This week, my daily news surfing brought me to this article from NPR about the unclear future of the Spanish language in the U.S. The author, Luis Clemens, challenges the idea that the growing number of Latinos in America automatically means there will be more Spanish speakers going forward. Those of us in the middle of child rearing in more than one language are familiar with how much work and conscious planning it takes to achieve the end of producing not just bilingual, but also biliterate, members of the next generation. Thus, it makes perfect sense to me, and probably to many of you, that there is not necessarily a direct connection between ethnicity and language.

More importantly than pointing to this disconnect, Clemens questions what it means when a U.S.-born Latino American isn’t truly fluent in Spanish. What does it mean for the young Latino culture when public figures (he mentions Sonia Sotomayor and Vin Diesel) can’t conduct a proper Spanish conversation in public?

This reminds me of the critique of reggaeton music and the constant battle in my state (Florida) between the Puerto Ricans, with their slang-laden Spanish, and all other Spanish speakers. Is it true that butchering a language will ultimately cause other cultural elements to go by the wayside? I’m not sure that any of us can definitively answer this question because we all cling to culture to an individual degree.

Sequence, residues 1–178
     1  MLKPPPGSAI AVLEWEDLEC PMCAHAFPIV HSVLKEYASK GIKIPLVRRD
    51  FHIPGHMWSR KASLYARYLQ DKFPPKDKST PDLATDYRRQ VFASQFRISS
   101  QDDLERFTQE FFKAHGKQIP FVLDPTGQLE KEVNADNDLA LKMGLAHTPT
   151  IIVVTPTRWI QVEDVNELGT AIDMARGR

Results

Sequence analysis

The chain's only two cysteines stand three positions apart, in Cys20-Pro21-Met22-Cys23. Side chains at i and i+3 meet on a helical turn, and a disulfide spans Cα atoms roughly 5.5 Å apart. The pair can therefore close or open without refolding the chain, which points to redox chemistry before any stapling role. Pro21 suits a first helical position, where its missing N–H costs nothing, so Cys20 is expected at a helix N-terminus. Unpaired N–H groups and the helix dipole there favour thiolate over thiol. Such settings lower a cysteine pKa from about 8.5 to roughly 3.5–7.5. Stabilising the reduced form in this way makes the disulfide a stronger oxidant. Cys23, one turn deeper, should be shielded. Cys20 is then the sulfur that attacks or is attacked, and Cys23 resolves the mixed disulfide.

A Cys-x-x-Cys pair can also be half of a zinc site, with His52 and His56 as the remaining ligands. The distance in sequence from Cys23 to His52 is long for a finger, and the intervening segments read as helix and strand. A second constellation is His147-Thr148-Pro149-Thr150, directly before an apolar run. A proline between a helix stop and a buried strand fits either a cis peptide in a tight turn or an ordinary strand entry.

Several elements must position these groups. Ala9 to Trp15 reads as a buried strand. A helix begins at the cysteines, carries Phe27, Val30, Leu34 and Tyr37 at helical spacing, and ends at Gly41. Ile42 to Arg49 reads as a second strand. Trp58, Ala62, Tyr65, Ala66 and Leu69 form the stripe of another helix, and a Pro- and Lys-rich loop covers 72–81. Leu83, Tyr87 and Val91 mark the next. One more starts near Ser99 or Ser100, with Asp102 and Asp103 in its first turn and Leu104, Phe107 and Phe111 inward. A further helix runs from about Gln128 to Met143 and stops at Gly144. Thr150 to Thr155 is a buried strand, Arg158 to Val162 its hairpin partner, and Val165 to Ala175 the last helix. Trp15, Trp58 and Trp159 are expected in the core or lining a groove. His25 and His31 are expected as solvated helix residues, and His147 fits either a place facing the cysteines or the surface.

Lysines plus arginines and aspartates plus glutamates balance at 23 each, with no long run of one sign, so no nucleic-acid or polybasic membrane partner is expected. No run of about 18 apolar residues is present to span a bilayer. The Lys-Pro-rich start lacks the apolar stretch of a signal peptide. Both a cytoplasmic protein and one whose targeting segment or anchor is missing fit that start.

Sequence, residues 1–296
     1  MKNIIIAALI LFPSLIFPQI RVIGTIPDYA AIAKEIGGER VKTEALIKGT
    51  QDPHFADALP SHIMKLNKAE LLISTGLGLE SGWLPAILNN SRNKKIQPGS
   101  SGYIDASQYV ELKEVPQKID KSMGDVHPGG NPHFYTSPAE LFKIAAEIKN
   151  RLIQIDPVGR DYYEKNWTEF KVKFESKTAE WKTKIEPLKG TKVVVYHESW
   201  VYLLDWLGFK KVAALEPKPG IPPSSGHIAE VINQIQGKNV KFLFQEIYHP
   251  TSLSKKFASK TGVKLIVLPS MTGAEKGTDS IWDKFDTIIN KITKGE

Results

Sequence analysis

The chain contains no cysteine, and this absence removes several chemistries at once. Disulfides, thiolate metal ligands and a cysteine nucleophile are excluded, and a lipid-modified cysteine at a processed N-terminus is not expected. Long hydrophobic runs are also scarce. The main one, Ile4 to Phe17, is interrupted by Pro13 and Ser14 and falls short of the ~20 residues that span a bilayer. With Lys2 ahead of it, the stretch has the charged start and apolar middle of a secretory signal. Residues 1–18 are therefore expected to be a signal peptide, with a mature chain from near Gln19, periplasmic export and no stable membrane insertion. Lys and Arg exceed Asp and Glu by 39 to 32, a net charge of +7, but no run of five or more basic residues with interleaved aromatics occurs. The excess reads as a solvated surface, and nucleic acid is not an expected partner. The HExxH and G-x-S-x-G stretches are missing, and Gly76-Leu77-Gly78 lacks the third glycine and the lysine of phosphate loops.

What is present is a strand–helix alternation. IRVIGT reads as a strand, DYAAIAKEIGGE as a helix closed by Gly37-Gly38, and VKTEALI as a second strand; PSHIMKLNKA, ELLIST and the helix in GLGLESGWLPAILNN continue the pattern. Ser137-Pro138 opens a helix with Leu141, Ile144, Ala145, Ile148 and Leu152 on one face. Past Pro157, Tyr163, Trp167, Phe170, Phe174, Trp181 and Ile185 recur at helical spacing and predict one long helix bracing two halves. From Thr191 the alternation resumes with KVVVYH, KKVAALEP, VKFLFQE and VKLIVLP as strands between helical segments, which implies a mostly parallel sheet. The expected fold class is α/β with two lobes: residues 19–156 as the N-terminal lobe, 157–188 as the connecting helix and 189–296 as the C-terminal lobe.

I am somewhat on the outside of this dilemma, since I’m a non-Latina white American. However, because of the way that I learned Spanish and the beautiful array of dialects to which I’ve been exposed, I must admit that I have a bit of a preference for “real” Spanish. Although my son hears slang all around him, I find it essential to read to him in Spanish and try to preserve some semblance of grammatical accuracy in his mind. I tend to agree with Clemens that the level of Spanish fluency presented by supposed native speakers in this country is sometimes deplorable, but I also agree with his encouraging point that this may change for the better with our children.

In the article, Clemens does note the current efforts of some U.S.-born Latinos to raise bilingual children, even citing SpanglishBaby as part of the solution to the potential for language disappearance. While it seems that Spanish is all around us, we forget that the older immigrants for whom our businesses and government now translate everything into Spanish may not have prepared their children well enough to carry on the language for good. It is rather fascinating to think that Spanish could have been virtually erased by the third or fourth generation of Latino Americans if it weren’t for active and passionate parents, many of whom weren’t gifted with the greatest Spanish skills.

Though the news may sound a bit grim and critical, this kind of reality check makes me all the more committed to keeping Spanish alive in my household. Ironically, sometimes we need a national snapshot to understand how significant our personal efforts can be.

Check out the comments on the NPR article for a pretty fascinating discussion.

{photo by exoticabooks}

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